Ancient Monuments

History on the Ground

This site is entirely user-supported. See how you can help.

Bowl barrow 900m north east of Crow Hall: one of a group of round barrows on Harpley Common

A Scheduled Monument in Bircham, Norfolk

We don't have any photos of this monument yet. Why don't you be the first to send us one?

Upload Photo »

Approximate Location Map
Large Map »

If Google Street View is available, the image is from the best available vantage point looking, if possible, towards the location of the monument. Where it is not available, the satellite view is shown instead.


Latitude: 52.8243 / 52°49'27"N

Longitude: 0.6098 / 0°36'35"E

OS Eastings: 575936.924449

OS Northings: 328386.973511

OS Grid: TF759283

Mapcode National: GBR Q5P.YTC

Mapcode Global: WHKQ2.B8LN

Entry Name: Bowl barrow 900m north east of Crow Hall: one of a group of round barrows on Harpley Common

Scheduled Date: 12 April 1926

Last Amended: 30 January 1995

Source: Historic England

Source ID: 1010574

English Heritage Legacy ID: 21337

County: Norfolk

Civil Parish: Bircham

Traditional County: Norfolk

Lieutenancy Area (Ceremonial County): Norfolk

Church of England Parish: Harpley St Lawrence

Church of England Diocese: Norwich


The monument includes a bowl barrow which is one of a dispersed group of round
barrows, sited on a broad ridge at the western edge of the Good Sands upland
region of north west Norfolk. The barrow stands in a prominent position 50m
east of Peddars Way and is visible as a flat-topped mound c.3m high, covering
a subcircular area measuring c.29m north east-south west by 27m north west-
south east. The mound is surrounded by a ditch which has become infilled but
which survives as a buried feature, formerly marked by a slight hollow in the
ground surface. The identification of the monument as a barrow is confirmed by
records of a limited excavation carried out by F C Lukis, who in 1843 opened a
trench c.2.75m wide on the south side of the mound. He observed parts of an
urn or urns, as well as deposits of cremated bone and charcoal, and also noted
that the prehistoric ground surface was preserved beneath the mound.

The barrow group as a whole is aligned on a north west-south east axis over
a distance of c.2.6km.

The site of the monument is shown on the attached map extract.
It includes a 2 metre boundary around the archaeological features,
considered to be essential for the monument's support and preservation.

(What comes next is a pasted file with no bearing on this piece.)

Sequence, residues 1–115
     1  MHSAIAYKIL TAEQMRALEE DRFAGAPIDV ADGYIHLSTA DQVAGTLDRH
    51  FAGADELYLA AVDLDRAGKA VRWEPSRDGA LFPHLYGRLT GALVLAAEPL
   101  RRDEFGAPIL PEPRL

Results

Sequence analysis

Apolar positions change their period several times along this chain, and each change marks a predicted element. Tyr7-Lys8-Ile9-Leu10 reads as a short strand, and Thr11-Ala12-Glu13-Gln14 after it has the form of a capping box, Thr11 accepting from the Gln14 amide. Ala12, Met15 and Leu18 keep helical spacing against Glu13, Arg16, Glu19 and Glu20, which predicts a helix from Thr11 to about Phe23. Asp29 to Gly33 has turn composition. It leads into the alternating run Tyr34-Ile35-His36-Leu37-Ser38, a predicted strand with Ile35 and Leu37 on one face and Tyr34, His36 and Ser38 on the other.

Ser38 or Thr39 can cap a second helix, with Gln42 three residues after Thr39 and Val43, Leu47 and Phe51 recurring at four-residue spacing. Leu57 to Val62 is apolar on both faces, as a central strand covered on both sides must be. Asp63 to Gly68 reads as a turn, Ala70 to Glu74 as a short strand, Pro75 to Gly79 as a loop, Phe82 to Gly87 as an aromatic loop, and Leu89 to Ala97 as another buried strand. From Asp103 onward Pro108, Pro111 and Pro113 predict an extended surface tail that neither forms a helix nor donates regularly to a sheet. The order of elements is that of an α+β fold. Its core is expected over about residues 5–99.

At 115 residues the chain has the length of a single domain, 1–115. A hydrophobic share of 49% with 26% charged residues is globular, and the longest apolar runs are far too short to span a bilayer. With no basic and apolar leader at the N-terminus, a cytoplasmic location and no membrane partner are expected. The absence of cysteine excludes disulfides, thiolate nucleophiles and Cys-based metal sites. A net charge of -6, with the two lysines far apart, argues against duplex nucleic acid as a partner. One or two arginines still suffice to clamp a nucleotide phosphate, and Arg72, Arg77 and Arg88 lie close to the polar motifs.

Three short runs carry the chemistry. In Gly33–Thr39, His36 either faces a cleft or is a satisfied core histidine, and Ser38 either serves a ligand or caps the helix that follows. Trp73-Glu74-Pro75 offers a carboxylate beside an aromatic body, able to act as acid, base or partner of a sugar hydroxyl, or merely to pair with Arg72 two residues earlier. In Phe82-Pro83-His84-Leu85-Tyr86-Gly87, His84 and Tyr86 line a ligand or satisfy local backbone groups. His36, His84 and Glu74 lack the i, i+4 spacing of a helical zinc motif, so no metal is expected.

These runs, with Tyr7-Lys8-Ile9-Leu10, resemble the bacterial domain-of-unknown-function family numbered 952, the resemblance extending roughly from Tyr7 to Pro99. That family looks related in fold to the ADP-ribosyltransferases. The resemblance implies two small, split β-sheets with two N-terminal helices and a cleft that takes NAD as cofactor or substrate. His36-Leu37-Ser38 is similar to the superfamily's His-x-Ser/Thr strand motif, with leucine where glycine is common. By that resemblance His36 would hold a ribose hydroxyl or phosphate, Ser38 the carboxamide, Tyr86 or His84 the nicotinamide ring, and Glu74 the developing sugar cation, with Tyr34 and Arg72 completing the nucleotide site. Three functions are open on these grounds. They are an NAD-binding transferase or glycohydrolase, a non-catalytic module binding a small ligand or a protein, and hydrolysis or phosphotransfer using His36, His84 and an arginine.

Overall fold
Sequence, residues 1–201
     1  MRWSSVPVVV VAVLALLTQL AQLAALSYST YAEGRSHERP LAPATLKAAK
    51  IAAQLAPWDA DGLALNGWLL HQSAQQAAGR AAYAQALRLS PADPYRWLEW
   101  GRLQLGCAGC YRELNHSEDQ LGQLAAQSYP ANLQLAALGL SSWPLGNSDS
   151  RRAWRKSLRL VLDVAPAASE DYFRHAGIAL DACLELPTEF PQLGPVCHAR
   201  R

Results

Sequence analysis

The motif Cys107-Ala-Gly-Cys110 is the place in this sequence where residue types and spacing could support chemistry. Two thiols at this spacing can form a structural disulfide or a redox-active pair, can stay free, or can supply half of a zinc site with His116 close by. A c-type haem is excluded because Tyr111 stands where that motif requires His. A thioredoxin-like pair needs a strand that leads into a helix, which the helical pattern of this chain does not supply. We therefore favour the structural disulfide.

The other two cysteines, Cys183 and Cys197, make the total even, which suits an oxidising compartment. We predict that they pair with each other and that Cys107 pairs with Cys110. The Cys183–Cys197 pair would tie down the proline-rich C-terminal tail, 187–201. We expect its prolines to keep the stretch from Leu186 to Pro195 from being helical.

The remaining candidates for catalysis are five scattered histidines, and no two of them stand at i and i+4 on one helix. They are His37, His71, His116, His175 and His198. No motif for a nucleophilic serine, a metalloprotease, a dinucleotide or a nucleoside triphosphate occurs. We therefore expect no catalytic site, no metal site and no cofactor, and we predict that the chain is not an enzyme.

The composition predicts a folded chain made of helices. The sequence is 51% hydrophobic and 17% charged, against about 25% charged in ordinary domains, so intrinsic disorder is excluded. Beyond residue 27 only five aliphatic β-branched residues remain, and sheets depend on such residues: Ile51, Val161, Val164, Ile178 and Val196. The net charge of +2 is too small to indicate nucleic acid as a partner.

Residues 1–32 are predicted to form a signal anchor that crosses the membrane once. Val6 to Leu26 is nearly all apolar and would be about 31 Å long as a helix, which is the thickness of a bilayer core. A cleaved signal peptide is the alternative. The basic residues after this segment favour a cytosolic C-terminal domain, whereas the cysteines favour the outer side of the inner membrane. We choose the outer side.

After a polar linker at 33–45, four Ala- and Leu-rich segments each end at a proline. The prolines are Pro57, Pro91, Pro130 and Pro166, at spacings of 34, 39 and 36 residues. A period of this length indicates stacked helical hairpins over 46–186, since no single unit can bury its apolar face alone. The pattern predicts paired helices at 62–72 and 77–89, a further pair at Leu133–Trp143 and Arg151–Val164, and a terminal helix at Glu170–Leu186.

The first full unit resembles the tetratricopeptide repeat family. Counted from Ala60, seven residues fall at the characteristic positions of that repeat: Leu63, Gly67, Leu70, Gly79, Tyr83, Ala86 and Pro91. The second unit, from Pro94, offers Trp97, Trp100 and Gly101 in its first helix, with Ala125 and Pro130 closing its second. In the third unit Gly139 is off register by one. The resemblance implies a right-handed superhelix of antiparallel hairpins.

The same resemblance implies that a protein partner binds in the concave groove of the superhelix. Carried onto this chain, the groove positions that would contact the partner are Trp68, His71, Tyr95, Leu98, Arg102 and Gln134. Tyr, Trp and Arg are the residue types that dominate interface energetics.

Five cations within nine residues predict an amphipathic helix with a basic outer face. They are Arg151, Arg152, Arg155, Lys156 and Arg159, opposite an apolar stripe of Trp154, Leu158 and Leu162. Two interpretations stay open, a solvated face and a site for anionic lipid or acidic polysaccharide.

Source: Historic England

Reasons for Scheduling

Bowl barrows, the most numerous form of round barrow, are funerary monuments
dating from the Late Neolithic period to the Late Bronze Age, with most
examples belonging to the period 2400-1500 BC. They were constructed as
earthen or rubble mounds, sometimes ditched, which covered single or multiple
burials. They occur either in isolation or grouped as cemeteries and often
acted as a focus for burials in later periods. Often superficially similar,
although differing widely in size, they exhibit regional variations in form
and a diversity of burial practices. There are over 10,000 surviving bowl
barrows recorded nationally (many more have already been destroyed), occurring
across most of lowland Britain. Often occupying prominent locations, they are
a major historic element in the modern landscape and their considerable
variation of form and longevity as a monument type provide important
information on the diversity of beliefs and social organisations amongst early
prehistoric communities. They are particularly representative of their period
and a substantial proportion of surviving examples are considered worthy of

The bowl barrow 900m north east of Crow Hall is part of one of the principal
barrow groups surviving in north west Norfolk, and retains archaeological
information which has additional interest in this context. It remains in
itself an impressive monument and, although it has undergone limited
excavation in the past, the scale of the disturbance is relatively small.
Evidence for the construction of the barrow and for the manner and duration of
its use, as well as for the local environment at the time, will be contained
in the mound, in the soil buried beneath the mound and in the fill of the
buried ditch. The barrow group as a whole is of wider importance for the
study of the character and development of the prehistoric population of the

Source: Historic England


MS notebook in Guernsey Museum, Lukis, FC, (1843)
Watson, A Q, 3527: North West Norfolk, Harpley, (1935)

Source: Historic England

Other nearby scheduled monuments is an independent online resource and is not associated with any government department. All government data published here is used under licence. Please do not contact for any queries related to any individual ancient or schedued monument, planning permission related to scheduled monuments or the scheduling process itself. is a Good Stuff website.